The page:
City of Music-Talk am 18. Dezember 2018

City of Music Talk #6 with Henry Alves, Fuchsbau Festival, Hanover. Hosted by Gunnar Geßner at Ballhof Café, Hanover, 18 December 2018: “We want to trigger a reflection process and provide people with food for thought.” Henry Alves

The popular image of festivals is the one of people camping in the mud, with loud rock music and criminal gangs robbing the daily takings. However, this highly commercialized narrative is not a point of reference for the majority of festivals in Germany, most of which started in the mid-90s. They offer a wide range of different concepts, covering not just music but also various types of art and social culture. After a rapid growth from 2006 onwards, the number of visitors is now stagnating. Is it the end of the festival boom?

Not for Henry Alves, one of the driving forces of Fuchsbau festival. After a year off, it will take place for the seventh time in August 2019. “We have been organizing the festival since 2012 and needed a little break. Now we have found a new approach,” he says, pointing out that future editions of the festival will focus on consumerism. But isn’t Fuchsbau a consumer product itself? “Yes, if you talk about festivals we are one product of many. But are we a product at the gondola end, high on the shelf, or close to the checkout area?”

One thing is for sure, Fuchsbau is everything but a shelf warmer. About 4,500 people joined the last edition in Immensen-Arpke in the Hannover region to take part in "a celebration of togetherness" through artistic collaboration, debates and all-night-partying. There are 24 people in the core team and during the festival up to 400 people are involved in the organization. “We are a collective that likes to think a lot, reflecting on ourselves too. So we organized a conference with discussions, lectures, concerts; during the day we could think about how we perceive our work as an association, work with input from outside and develop own ideas.”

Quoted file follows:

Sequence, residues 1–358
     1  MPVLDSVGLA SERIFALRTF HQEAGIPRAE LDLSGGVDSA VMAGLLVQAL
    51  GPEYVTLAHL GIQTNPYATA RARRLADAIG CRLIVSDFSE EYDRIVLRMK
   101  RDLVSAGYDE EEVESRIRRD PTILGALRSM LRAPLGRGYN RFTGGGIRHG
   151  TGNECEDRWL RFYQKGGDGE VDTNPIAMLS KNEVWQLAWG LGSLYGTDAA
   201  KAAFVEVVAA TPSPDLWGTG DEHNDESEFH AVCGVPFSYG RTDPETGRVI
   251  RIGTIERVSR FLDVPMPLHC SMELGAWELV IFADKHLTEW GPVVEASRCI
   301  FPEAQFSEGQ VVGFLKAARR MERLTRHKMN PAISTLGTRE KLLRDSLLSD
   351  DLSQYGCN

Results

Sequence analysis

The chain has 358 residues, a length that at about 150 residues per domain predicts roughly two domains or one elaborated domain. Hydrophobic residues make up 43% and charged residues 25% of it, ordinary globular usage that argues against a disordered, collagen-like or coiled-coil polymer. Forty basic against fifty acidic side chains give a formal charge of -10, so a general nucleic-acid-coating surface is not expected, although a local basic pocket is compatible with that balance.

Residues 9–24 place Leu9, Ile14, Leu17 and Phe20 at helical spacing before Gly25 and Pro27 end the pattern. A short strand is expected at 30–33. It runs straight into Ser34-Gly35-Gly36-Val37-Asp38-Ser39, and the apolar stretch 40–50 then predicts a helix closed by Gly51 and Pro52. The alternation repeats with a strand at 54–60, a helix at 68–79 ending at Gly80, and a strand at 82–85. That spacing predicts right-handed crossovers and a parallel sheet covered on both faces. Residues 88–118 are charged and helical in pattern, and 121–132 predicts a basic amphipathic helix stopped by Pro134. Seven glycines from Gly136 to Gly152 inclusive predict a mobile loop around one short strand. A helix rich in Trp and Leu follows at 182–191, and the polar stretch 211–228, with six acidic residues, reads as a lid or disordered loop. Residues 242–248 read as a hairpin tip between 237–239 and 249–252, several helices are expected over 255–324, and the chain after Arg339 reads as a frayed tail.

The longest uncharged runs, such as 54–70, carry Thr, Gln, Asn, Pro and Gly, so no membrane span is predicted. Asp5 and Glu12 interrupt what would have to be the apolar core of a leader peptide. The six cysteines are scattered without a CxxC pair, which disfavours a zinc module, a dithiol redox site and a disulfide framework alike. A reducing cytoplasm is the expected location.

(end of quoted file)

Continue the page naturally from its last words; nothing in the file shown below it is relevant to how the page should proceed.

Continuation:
Even though the team is still processing the results of the conference, one outcome is the new approach to Fuchsbau. “We agreed to set a political agenda within the themes we discuss. We will do it in a way that feels right to us, and the program reflects our political messages. We are not doing a rave. We want to trigger a reflection process and provide people with food for thought,” Alves explains. In the long-term, the organizers also want to instigate new projects outside the festival: “The festival is our visiting card but we would like to develop other interesting formats.”

It all started as a two-day-event without a traditional festival character. “We wanted to bring different forms of art together,” Alves remembers. Initially seeking to help his friends with some design tasks, he quickly became part of the organizing team. “None of us had any experience in running such an event, so we were very open for something completely new.” Fuchsbau would have continued like that if the festival had not been forced to leave its original location at the Fössebad town pool  and to move to the countryside. “We thought of many venues, but we had never thought of completely leaving the region of Hanover. We feel connected to Hanover and feel that we can contribute to the cultural landscape of the city.”

However, this was the catalyst for the current Fuchsbau, which has a much broader international appeal. “The festival has taught us the ability to reflect ourselves, to build a team, to build networks and to reflect them,” Alves says. “We can now rely on the experience we have gathered over the past few years. We haven’t passed a management assistant exam in event organization at school, but we have made it in the mud.” However the challenges of a changing festival landscape are pressing closer: “Europe and Germany will have difficulty in attracting interesting acts for their festivals because there is concurrence of more than 100,000 festivals worldwide. But as long as people are still willing to pay more than 300 Euro for a festival ticket, the festival boom has not come to its end.”

HI 5

Your last concert epiphany

Florence and the Machine at the Melt festival. I wouldn't have expected this but I was completely blown away.

Radio, Spotify, CD or Vinyl?

Spotify and Apple Music

Have you met all of your music legends?

I don't know if I even have one …

A recent music discovery?

WWWater, I saw her in the Modul Club in Hamburg, and she made a strong impression on me.

When is your next concert?

I have bought tickets for Phil Collins; he is maybe the music legend I would like to meet.